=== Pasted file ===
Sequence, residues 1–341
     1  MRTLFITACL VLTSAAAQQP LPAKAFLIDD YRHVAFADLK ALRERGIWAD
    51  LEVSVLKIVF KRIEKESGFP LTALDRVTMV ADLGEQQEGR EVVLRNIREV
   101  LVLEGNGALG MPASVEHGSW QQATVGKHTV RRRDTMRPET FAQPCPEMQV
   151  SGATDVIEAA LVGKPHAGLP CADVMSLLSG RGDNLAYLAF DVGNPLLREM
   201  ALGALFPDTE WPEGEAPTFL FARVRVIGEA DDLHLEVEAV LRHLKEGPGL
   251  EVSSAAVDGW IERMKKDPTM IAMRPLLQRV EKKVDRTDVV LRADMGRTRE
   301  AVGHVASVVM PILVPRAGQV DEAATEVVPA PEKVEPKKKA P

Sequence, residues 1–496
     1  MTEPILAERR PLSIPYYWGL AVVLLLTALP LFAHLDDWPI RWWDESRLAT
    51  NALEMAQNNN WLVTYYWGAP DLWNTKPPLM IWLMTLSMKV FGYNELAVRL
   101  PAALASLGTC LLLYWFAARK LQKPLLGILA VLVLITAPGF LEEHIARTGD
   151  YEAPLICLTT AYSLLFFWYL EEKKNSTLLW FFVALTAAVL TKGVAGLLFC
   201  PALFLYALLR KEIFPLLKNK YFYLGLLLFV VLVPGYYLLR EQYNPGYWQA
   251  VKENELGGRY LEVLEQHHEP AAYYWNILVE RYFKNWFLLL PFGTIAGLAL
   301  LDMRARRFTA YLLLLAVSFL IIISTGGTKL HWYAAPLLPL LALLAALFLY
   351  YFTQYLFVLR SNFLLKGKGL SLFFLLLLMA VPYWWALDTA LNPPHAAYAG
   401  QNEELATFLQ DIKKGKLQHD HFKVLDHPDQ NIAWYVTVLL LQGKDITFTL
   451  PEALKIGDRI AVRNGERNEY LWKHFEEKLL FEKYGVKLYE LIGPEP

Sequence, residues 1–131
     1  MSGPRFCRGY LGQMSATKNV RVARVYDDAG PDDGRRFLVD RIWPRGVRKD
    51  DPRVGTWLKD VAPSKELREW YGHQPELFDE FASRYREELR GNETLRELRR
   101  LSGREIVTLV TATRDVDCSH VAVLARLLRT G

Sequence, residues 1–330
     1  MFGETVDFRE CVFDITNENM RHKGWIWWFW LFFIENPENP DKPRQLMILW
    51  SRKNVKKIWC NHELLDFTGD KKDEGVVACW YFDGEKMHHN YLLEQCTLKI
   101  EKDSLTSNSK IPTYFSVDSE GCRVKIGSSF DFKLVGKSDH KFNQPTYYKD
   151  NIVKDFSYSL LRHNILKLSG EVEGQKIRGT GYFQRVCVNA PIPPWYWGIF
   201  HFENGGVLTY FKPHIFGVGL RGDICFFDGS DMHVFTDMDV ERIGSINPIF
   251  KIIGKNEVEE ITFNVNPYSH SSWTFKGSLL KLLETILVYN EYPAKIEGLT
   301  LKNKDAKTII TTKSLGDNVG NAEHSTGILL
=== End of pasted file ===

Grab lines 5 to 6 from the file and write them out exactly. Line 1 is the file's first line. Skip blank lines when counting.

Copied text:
   151  SGATDVIEAA LVGKPHAGLP CADVMSLLSG RGDNLAYLAF DVGNPLLREM
   201  ALGALFPDTE WPEGEAPTFL FARVRVIGEA DDLHLEVEAV LRHLKEGPGL